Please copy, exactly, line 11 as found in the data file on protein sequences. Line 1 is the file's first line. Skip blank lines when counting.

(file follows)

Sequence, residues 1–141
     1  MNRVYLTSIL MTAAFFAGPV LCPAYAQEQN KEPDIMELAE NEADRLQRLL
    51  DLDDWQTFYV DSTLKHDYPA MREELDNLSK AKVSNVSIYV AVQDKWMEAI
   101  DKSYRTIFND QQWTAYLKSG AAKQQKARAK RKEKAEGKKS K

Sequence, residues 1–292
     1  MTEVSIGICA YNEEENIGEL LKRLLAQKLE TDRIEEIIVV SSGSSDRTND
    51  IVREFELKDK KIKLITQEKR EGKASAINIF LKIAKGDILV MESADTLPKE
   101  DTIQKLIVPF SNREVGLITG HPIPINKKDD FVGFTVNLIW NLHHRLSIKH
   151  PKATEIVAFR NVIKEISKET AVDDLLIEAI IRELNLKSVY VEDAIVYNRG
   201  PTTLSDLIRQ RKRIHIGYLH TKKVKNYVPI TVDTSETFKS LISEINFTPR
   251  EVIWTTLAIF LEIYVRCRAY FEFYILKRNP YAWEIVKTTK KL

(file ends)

   251  EVIWTTLAIF LEIYVRCRAY FEFYILKRNP YAWEIVKTTK KL